Cybersecurity news headlines for 1-31 October, 2019
This month’s edition of cybersecurity news headlines covers 4 different stories. UK government decides not to proceed with age verification for online pornography, UniCredit suffers a data breach exposing 3 million customer records, Facebook withdraws appeal and agrees to pay £500,000 for its role in the Cambridge Analytica scandal, and 3.1 million Indian cards dumped on Joker’s Stash.
In no particular order, here’s what made headlines this month.
UK will not proceed with age verification for online pornography
To prevent children from accessing adult content, the UK had previously introduced plans to force pornography websites to implement age verification systems. By making site visitors submit credit card details or scanned copies of ID cards/passports, the UK government was hoping to make accessing pornography more difficult for underage children. The sensitivity of the whole thing sparked a huge debate about privacy and how the new rules would have put many people at risk of blackmail.
However, it seems that the UK will no longer go forward with these plans. The plans were delayed in the past, but it now appears that the government will be looking for other ways to protect children from inappropriate content.
“The government has concluded that this objective of coherence will be best achieved through our wider online harms proposals and, as a consequence, will not be commencing Part 3 of the Digital Economy Act 2017 concerning age verification for online pornography,” Secretary of State for Digital, Culture, Media and Sport Nicky Morgan says in the written statement.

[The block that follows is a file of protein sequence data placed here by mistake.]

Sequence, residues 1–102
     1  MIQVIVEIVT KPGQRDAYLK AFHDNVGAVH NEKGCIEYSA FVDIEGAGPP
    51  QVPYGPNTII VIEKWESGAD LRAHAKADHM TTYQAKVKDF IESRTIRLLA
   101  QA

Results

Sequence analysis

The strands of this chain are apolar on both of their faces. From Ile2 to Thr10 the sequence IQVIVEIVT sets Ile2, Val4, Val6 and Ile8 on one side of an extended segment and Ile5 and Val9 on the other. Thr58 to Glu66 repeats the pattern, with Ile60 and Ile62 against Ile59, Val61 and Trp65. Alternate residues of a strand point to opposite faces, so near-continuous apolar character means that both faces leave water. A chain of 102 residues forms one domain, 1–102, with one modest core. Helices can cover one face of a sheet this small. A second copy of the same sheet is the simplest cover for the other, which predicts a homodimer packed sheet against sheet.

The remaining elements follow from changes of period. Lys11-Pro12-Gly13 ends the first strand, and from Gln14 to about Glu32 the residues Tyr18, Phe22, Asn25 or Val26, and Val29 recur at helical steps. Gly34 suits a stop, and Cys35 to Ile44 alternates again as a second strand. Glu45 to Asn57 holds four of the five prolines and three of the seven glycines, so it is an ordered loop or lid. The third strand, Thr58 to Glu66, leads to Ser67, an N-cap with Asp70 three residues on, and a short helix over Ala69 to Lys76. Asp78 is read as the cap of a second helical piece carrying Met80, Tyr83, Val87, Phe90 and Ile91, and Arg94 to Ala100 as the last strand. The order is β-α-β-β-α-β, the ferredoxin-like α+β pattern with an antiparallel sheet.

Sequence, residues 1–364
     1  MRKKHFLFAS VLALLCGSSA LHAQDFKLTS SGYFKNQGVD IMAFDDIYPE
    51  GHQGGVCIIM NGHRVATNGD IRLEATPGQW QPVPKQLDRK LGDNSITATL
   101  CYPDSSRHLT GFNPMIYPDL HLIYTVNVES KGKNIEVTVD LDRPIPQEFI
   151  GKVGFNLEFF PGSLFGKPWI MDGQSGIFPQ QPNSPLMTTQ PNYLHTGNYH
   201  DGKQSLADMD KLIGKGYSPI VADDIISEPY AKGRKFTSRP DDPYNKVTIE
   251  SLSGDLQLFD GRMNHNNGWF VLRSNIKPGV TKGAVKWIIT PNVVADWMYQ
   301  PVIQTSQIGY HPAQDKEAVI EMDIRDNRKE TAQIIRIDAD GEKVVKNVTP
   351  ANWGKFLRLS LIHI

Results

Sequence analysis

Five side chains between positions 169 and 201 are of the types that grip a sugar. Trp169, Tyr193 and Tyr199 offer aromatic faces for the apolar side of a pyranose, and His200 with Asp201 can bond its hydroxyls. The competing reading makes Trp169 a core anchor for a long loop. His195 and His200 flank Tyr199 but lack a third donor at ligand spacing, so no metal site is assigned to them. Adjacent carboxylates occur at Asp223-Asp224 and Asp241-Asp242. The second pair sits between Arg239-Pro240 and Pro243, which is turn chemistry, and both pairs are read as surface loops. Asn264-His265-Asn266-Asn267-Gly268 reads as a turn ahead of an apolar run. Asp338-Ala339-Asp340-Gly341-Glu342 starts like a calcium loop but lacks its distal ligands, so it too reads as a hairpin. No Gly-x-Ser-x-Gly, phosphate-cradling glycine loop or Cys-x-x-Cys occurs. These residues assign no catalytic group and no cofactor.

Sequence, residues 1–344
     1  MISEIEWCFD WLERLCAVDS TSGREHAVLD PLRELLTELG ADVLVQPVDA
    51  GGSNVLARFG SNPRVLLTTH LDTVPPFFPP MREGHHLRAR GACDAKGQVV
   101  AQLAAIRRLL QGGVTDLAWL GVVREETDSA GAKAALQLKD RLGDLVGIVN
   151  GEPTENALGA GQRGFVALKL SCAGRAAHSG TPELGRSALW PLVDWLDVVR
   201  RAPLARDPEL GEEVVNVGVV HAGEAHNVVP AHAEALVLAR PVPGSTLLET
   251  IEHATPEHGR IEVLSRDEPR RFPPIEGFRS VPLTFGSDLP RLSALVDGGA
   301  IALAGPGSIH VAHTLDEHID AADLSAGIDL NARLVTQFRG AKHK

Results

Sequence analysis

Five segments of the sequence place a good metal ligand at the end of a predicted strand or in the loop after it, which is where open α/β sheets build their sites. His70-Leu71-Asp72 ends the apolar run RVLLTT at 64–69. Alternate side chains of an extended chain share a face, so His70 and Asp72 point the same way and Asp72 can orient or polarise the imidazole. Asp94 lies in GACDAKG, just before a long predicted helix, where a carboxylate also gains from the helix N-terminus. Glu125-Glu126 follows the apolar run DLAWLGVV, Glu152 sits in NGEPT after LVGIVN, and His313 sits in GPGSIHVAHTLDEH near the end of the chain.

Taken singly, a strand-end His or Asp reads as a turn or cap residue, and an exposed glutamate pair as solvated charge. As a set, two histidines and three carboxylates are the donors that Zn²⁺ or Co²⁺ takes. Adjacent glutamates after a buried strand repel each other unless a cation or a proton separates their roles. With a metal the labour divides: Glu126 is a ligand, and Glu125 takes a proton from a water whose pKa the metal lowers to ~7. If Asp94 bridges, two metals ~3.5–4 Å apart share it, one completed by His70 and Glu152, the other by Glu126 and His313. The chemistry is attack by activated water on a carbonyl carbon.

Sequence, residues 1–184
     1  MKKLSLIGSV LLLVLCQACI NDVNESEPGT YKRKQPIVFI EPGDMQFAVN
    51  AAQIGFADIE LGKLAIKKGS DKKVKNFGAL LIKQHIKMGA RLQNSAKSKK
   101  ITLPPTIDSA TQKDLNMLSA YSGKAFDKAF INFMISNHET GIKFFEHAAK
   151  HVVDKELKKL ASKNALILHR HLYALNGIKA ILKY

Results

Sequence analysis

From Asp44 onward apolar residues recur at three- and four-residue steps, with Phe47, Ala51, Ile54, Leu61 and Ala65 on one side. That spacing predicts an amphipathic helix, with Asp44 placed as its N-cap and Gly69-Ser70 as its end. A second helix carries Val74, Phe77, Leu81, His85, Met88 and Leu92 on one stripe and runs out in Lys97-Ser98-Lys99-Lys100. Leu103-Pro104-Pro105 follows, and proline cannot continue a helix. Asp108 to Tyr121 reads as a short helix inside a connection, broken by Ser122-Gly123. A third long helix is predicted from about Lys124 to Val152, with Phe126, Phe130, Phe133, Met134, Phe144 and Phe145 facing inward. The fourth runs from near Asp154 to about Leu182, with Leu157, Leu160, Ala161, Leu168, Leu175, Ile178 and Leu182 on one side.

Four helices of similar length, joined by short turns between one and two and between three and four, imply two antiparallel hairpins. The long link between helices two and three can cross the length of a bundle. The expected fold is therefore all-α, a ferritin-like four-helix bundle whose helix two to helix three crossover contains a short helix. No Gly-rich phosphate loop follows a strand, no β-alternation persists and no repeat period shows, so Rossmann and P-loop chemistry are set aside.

“The Digital Economy Act objectives will therefore be delivered through our proposed online harms regulatory regime. This course of action will give the regulator discretion on the most effective means for companies to meet their duty of care. As currently drafted, the Digital Economy Act does not cover social media platforms.”
The statement continues to say that adult content is too easily accessed online. Privacy organizations have welcomed the decision as the legislation would have caused serious privacy problems.
UniCredit reveals data breach exposed 3 million customer records
Italian financial services company UniCredit has revealed a data breach that exposed information of three million Italian customers. A file generated in 2015 has been blamed for the incident as it contained a defined set of around 3 million said records.
The company notes that while personal information such as names, cities, telephone numbers and emails were part of the breach, no bank details that would allow access to accounts or unauthorized transactions have been compromised. Nevertheless, the exposed personal information could be used to perform social engineering attacks or identity theft.
“The UniCredit cyber security team has identified a data incident involving a file generated in 2015 containing a defined set of approximately 3 million records limited to the Italian perimeter. The records consist of names, city, telephone number and email only. Consequently no other personal data or any bank details permitting access to customer accounts or allowing for unauthorized transactions have been compromised,” the press release detailing the incident states.
An internal investigation has been launched to find out how exactly the breach took place, and the police have been notified about the incident. Furthermore, affected customers will be informed via post or online banking in the near future.